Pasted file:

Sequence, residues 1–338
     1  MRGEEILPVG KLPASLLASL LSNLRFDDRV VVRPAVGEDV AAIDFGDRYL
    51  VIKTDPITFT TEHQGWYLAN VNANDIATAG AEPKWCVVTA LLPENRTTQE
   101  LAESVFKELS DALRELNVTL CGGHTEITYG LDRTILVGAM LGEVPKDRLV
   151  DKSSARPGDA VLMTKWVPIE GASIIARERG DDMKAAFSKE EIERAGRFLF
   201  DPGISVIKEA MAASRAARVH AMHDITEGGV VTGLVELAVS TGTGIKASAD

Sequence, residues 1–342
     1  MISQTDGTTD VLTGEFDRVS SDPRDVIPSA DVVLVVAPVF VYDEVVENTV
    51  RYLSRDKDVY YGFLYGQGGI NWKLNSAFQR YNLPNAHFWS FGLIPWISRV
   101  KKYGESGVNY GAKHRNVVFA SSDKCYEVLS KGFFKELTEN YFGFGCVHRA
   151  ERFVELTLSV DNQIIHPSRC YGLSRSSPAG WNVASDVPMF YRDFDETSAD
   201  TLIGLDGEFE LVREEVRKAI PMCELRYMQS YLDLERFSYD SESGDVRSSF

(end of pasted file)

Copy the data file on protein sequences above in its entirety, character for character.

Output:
Sequence, residues 1–338
     1  MRGEEILPVG KLPASLLASL LSNLRFDDRV VVRPAVGEDV AAIDFGDRYL
    51  VIKTDPITFT TEHQGWYLAN VNANDIATAG AEPKWCVVTA LLPENRTTQE
   101  LAESVFKELS DALRELNVTL CGGHTEITYG LDRTILVGAM LGEVPKDRLV
   151  DKSSARPGDA VLMTKWVPIE GASIIARERG DDMKAAFSKE EIERAGRFLF
   201  DPGISVIKEA MAASRAARVH AMHDITEGGV VTGLVELAVS TGTGIKASAD

Sequence, residues 1–342
     1  MISQTDGTTD VLTGEFDRVS SDPRDVIPSA DVVLVVAPVF VYDEVVENTV
    51  RYLSRDKDVY YGFLYGQGGI NWKLNSAFQR YNLPNAHFWS FGLIPWISRV
   101  KKYGESGVNY GAKHRNVVFA SSDKCYEVLS KGFFKELTEN YFGFGCVHRA
   151  ERFVELTLSV DNQIIHPSRC YGLSRSSPAG WNVASDVPMF YRDFDETSAD
   201  TLIGLDGEFE LVREEVRKAI PMCELRYMQS YLDLERFSYD SESGDVRSSF